Food for Thought: “Polymer: The Journey to New Terrain” Symposium

Food for Thought: “Polymer: The Journey to New Terrain” Symposium
Polymer: Journey to New Terrain, October 21-23, 2011at Wingspread

Seeing polymer exhibited in the Racine Art Museum‘s elegant environment was a feast for the eyes, but the accompanying symposium, “Polymer: The Journey to New Terrain”, was like an all-you-can-eat buffet.  Beginning Friday and lasting through Sunday, attendees gobbled up plates of ideas about the current and future state of polymer art.   Topics were juicy, open ended and conversation flowed.

Here is a sampler of what was served:

Friday afternoon’s topics on the table:

•    How the polymer museum collection project evolved.  Why RAM
•    What does it mean to have polymer in major museums?  How can artists and museums bring greater public appreciation and recognition?
•    Polymer in university settings- why not?  How?  What might be included in a curriculum?
•    Mini culture clash as non-hierarchical, open polymer community meets inherent structure of museum world

Panel: Bruce Pepich, Lena Vigna, Elise Winters, jeweler/educator-Teresa Faris

Saturday Morning’s topics on the table:

•    Who- visual introduction to Boundary Breakers
•    Significance to artist’s career of high end show experience, top gallery representation and museum credentials.  How are these related?
•    How did diversity of polymer artists’ backgrounds affect the field?  Help, hinder or both?
•    Why polymer in a museum raises issues of classification, conservation, and integration for curators
•    Public image of polymer
•    What is museum worthy work?
•    When is poor craftsmanship okay?
•    Return of beauty- what is the difference between beauty and prettiness?  Is beauty related to value?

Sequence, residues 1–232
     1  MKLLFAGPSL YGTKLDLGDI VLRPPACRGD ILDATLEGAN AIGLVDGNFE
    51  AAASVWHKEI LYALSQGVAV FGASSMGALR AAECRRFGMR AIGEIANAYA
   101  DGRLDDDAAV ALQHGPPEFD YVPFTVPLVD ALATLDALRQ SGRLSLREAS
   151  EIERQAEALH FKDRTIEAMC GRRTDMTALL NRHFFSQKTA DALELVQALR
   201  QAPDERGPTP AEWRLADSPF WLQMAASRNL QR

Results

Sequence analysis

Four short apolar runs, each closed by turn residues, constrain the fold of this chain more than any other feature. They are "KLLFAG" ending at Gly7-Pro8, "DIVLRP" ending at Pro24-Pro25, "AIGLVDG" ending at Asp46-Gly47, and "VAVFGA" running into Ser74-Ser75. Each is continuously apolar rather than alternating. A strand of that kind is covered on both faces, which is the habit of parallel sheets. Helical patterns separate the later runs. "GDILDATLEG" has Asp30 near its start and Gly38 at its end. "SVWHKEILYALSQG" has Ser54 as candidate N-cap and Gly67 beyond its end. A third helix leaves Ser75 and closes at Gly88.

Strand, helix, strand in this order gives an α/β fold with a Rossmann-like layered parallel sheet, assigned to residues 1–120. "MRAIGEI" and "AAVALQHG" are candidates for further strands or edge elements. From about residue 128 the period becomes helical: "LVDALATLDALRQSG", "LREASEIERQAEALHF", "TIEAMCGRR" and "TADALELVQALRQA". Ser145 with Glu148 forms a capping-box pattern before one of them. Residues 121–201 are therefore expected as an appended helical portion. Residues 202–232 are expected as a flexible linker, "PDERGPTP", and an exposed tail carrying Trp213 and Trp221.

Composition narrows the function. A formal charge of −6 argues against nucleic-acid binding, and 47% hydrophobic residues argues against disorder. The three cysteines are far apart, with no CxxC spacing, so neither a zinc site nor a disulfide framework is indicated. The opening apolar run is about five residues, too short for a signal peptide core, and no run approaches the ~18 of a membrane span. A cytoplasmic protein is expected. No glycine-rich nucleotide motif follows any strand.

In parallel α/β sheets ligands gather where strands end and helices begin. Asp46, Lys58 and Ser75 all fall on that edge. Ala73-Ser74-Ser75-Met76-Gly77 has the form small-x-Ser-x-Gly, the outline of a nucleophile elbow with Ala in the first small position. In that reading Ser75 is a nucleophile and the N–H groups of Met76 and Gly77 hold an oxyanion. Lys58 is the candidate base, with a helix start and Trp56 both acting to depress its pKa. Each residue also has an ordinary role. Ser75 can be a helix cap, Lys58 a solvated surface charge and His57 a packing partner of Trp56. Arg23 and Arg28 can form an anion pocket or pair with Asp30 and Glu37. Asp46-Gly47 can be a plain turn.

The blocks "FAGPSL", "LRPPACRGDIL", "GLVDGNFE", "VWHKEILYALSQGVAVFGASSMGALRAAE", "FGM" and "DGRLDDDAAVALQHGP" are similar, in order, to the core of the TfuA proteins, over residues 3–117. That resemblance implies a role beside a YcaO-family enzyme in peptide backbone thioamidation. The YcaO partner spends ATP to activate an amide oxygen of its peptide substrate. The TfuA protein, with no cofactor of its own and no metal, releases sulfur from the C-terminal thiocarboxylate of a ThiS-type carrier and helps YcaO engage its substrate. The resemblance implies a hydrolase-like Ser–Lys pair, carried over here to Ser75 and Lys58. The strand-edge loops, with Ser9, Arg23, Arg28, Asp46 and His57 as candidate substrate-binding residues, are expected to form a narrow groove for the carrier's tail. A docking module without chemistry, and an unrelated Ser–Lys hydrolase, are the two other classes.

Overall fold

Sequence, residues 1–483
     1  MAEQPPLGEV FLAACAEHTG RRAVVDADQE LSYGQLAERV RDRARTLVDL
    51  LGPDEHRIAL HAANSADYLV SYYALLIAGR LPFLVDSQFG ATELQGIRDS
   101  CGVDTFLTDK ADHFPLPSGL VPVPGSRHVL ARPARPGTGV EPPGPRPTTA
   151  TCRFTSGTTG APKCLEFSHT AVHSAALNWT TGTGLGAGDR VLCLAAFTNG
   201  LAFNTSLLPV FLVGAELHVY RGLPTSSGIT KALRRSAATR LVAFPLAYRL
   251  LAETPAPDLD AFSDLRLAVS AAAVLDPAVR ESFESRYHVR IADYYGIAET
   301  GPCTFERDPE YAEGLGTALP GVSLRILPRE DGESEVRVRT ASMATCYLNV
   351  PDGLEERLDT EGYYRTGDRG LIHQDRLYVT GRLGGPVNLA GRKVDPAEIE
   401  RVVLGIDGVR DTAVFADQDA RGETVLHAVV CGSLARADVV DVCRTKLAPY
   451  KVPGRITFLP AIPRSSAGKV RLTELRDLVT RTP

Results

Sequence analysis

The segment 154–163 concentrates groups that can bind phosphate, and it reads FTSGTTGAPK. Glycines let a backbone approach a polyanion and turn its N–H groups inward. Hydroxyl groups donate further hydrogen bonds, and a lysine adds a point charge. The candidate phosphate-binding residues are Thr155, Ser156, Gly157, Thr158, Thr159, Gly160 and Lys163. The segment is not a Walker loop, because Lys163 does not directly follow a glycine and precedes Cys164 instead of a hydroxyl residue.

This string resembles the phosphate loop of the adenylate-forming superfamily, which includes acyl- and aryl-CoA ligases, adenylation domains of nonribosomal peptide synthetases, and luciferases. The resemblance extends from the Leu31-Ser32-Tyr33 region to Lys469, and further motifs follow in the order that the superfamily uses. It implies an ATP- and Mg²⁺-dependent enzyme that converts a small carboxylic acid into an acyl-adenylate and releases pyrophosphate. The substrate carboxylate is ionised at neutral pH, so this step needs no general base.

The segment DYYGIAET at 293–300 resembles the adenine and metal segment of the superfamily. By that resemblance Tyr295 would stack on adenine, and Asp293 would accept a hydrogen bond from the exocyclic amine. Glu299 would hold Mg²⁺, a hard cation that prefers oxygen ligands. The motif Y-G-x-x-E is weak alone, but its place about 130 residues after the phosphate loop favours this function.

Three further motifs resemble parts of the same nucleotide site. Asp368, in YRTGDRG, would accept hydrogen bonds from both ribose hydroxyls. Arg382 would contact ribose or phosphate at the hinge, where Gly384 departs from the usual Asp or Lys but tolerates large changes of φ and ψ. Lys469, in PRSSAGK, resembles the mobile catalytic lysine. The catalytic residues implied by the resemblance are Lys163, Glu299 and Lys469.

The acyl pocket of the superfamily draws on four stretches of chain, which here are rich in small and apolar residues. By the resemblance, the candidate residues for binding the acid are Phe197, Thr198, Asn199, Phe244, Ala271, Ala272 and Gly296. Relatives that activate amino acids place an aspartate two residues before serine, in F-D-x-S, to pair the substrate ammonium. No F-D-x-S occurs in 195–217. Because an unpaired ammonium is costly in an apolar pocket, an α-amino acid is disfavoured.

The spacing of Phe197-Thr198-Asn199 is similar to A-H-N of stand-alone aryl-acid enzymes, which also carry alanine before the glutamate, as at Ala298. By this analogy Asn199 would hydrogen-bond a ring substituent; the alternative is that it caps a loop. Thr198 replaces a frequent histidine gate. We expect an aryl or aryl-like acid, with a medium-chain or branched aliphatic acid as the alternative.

Panel:  Pepich, Vigna, Rachel Carren, Kathleen Dustin, Tory Hughes, Pier Voulkos

Saturday afternoon’s topics on table:

•    What does it mean to collaborate?
•    How might critique provide a form of collaboration?
•    In art jewelry the brooch is the standard, why is so much polymer jewelry related to the neck?
•    Sustainability- environmental issues for artist and for earth
•    Activism – content in polymer art?  Bigger statements?  Personal statements?  Does narrative exist in polymer art?
•    Identity- why the curatorial choice to use only “polymer” dropping the modifier, “clay”?
•    Where now, what next for polymer?  Building momentum
•    Can diversity of intentions co-exist with camaraderie in the polymer community?  Is stratification inevitable?

Panel:  Pepich, Vigna, Bonnie Bishoff and J.M. Syron, Steven Ford and David Forlano, Cynthia Toops

Sunday Morning’s topics on the table:

•    Collective effort to move forward between artists and museums.  How to support artists?  How to support the museum?
•    Professional standards- documentation, photography
•    Potential for another symposium?

Panel: Pepich, Vigna

By the end everyone was full to the brim.  Much had been discussed, resulting in more questions than answers, but participants left with appetites whetted for more.

photo courtesy of Debra DeWolff

I cannot remember a time in my life that I wasn't interested in looking at art, talking about art and the making of art. In 1990 I earned a Phd in art history at the University of Maryland. My first experiences with polymer clay were in 1992, but I consider my real work with the medium to date from 1999.